The Federal government is to restore the tenure policy for Directors and Permanent Secretaries in the revised Public Service Rule PSR, to compulsory retirement upon serving eight years on the post.
The Head Service of the Federation Dr. Folashade Yemi Esan made this known at the opening ceremony of the 2020/2021 meetings of the separate and Joint National Public Service Negotiating Council in Abuja.
The meeting was an interface between the government and the labour unions to examine critical matters bordering on the welfare and conditions of service of workers in the public service for optimal performance.
The Head Civil Service of the Federation said “the restoration of the Tenure Policy in the revised PSR, a Director or its equivalent by whatever nomenclature shall compulsorily retire upon serving eight years on the post; and a Permanent Secretary shall hold office for a term of four years which is renewable for a further term of four years, subject to satisfactorily performance and no more.”
Dr. Yemi-Esan who explained that reforms would require the support of labour unions to ensure the effectiveness of the reforms maintained that aside the tenure ship,, the federal government would improve the welfare of its workforce through training and remuneration.
According to her, “For us in the public sector and in his understanding and continued commitment to the welfare of civil servants and as part of the Administration’s response to mitigate the adverse economic effects of COVID-19, it is worth noting that Mr. President ensured that no civil servant was owed salaries or laid off.”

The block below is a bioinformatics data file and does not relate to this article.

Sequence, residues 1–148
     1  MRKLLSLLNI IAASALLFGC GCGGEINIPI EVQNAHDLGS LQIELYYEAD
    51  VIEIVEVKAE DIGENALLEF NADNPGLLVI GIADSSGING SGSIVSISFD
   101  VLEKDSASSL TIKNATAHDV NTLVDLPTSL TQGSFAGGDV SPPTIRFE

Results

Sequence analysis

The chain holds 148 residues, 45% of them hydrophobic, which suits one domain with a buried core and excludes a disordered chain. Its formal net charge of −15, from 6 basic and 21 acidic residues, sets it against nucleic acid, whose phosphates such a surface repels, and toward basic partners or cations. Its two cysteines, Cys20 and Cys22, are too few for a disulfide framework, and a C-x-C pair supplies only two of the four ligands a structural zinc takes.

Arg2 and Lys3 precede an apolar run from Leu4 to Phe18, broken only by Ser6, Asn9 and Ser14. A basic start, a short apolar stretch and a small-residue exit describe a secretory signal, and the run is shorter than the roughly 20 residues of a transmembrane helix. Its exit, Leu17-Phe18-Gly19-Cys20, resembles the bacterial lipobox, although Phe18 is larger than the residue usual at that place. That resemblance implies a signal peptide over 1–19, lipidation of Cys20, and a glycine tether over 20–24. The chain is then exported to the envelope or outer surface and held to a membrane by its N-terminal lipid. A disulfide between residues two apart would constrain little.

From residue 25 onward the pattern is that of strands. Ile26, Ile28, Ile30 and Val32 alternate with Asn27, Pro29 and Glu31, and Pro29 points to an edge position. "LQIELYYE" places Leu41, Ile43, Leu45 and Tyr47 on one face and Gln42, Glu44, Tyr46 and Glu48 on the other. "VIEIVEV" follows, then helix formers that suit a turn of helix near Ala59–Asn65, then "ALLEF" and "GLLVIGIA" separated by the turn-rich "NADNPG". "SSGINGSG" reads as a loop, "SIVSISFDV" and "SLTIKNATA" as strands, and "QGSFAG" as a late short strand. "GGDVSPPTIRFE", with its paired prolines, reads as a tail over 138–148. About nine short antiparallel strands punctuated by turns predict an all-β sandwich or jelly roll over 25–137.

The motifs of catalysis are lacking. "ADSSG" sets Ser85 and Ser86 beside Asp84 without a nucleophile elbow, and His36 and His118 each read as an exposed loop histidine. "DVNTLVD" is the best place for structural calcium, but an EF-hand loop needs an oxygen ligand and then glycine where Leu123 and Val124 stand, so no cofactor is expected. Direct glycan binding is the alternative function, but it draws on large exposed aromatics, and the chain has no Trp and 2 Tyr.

Earlier, The President, Nigeria Labour Congress, Comrade Ayuba Wabba who commended the Federal government on it’s various reforms called for improved welfare for civil servants in areas of housing and pension to discourage corruption in the service.
“Beside salaries, there are other concerns that are fundamental to Nigerian workers with very significant implications for the current pandemic. One is housing. It is public knowledge that majority of our civil servants commute from very far residences to work in the city center in Abuja and other state capitals and urban locations in Nigeria.”
Comrade Wabba further urged government not to relent in reviewing salaries as there were differences between minimum wage and salary review.
“Many of our civil servants want the retirement age pegged at sixty-five years of age or forty years of service. This will save many workers the trauma of early retirement. There is also the issue of loss of experience occasioned by gaps in civil service staffing especially given the current ban on employment in the public sector. We also demand that workers who retire are paid their gratuity as and when due as provided for in the schedules for gratuity in the Pension Reform Act of 2014.” Ayuba added
Other stakeholders at the occasion urge Nigerians to cooperate with government in winning the war against Covid.
The theme of the meeting is “Labour/Government Relations in the Post Covid-19 Era”.
By Florence Adewale